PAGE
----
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person scrolling through phone photos and one of them is a bowel movement

7 times IBD caused me to lose my dignity

How does the saying go? Never let anyone take away your dignity? Well, that’s all very well good except I’d argue that having IBD has left me no choice in the matter on more than one occasion. Whilst I’d like to think I still go about my day to day life with pride or in a way that commands respect, I must admit that there are plenty of hospital trips, tests and life moments that have left me reeling and scrambling to have my dignity intact. How many of these scenarios can you recognise?

1.When you’re locked in the bathroom trying to get through your prep

Is there a way to prepare for a colonoscopy in a dignified manner? If so, I haven’t found it! I have accepted defeat in trying to keep up the pretence with my loved ones and lock myself in the bathroom so I can alternate between drinking (it never gets better in taste), dashing to the toilet (how can I possibly have anything left?) and hopping in the bath (because wiping HURTS!). It feels like an awful punishment for something and in 2019, surely there is an easier way to do this?

2.When you no longer bat an eyelid at having your rectum examined

You know you’ve had IBD for too long when you are no longer phased at a doctor putting their hand up your bottom to examine you. The first time I was horrified, the second uncomfortable and by the third, I’d accepted this was my life.

3.When you’re trying to catch your poo into a plastic container

Why do they make them so small? It only makes it an impossible (and sometimes messy, if you’re flaring) feat to get your stool into the container. I’m usually breaking a sweat by the time I’ve managed the task, and then you actually have to hand it over to somebody whilst looking them in the eye and pretending this is all perfectly normal.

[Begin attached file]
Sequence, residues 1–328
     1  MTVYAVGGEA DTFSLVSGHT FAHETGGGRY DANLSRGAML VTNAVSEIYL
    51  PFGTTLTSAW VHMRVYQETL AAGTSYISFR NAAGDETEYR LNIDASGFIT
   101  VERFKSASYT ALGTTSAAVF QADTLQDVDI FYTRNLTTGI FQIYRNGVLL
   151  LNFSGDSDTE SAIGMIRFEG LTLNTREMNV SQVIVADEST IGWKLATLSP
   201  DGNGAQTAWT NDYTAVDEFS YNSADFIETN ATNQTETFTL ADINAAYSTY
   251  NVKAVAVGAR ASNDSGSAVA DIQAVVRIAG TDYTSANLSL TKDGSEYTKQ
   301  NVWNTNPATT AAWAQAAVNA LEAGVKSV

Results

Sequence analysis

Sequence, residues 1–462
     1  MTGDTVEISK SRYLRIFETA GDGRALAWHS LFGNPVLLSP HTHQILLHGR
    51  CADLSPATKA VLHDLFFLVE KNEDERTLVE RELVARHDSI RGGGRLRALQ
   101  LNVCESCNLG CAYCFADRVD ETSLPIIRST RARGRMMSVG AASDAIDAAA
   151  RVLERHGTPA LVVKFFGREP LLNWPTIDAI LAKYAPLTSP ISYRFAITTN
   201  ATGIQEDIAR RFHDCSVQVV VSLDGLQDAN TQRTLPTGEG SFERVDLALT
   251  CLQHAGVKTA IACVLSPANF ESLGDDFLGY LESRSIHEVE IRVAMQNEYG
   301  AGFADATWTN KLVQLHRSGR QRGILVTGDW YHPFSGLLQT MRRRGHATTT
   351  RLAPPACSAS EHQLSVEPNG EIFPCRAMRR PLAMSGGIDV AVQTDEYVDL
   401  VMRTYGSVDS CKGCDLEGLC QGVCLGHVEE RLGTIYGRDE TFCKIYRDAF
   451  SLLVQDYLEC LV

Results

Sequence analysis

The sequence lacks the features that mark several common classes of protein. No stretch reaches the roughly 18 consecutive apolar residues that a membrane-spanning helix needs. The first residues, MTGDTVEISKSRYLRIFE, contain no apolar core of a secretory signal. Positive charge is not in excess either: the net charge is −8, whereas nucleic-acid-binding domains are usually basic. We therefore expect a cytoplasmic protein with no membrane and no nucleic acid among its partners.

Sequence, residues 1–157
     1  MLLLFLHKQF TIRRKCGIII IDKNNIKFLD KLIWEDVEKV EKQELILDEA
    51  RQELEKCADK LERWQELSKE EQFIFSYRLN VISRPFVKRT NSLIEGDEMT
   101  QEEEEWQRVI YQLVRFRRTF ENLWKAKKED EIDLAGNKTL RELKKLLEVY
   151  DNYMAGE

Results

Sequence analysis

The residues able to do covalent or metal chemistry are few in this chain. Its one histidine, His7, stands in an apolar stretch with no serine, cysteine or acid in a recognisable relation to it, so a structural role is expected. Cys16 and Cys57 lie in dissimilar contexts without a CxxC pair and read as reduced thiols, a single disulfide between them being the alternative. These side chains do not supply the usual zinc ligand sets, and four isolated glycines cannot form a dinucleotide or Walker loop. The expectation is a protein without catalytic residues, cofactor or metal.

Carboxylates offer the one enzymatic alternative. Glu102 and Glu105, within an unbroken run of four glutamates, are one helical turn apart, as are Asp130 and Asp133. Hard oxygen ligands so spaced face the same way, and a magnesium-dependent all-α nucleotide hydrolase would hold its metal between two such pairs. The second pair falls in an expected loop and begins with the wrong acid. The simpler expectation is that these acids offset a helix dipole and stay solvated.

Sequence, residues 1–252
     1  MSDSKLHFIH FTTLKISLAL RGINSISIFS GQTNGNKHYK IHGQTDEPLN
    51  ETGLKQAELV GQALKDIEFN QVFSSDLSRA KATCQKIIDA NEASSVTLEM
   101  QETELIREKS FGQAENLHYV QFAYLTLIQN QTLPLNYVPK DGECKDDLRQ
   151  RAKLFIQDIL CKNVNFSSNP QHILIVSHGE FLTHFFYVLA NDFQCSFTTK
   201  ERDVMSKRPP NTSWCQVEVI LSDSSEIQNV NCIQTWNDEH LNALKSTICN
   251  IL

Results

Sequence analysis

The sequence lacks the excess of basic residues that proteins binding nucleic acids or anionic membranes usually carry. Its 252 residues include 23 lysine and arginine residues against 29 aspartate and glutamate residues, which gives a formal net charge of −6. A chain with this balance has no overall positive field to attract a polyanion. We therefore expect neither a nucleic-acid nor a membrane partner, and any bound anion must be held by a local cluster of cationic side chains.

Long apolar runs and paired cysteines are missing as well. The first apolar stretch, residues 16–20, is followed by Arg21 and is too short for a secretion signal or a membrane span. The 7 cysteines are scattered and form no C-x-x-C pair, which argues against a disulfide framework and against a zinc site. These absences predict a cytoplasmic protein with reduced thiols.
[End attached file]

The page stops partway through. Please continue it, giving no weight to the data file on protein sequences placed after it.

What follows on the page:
4.When s**t gets real and you explain what IBD actually is

When you’re first diagnosed with IBD, you often give your loved ones the ‘filtered’ version of what it is: using vague terms like ‘digestive troubles’ and ‘upset stomach’. It’s actually strangely liberating when you spell out what is actually involved-although still difficult to do so in a way that doesn’t make things awkward.

5.When you don’t make it in time

Sigh. I’m not going to go into great detail but we all know what happens when we can’t respond quick enough to the call to nature. It’s an inevitable part of having a digestive condition but it doesn’t make it any easier to deal with it (P.S and is it just me or does poo just seem to go *everywhere* when this happens; making it even more impossible to maintain a modicum of dignity. Shouldn’t have admitted that-could just be me!)

6.When you’re out for the day and the stinging starts.

You’re out and about and a flare strikes. Luckily you’re able to make it to the bathroom in time but you’ve forgotten about the aftermath this can sometimes cause. The STINGING. The BURNING or the ‘ring of fire’ as its sometimes dubbed; caused by frequent toilet trips or excessive wiping. The only things that help me are a shed load of vaseline and a hot bath-not ideal if you’re away from home.

7. When you take a photograph of your bowel movements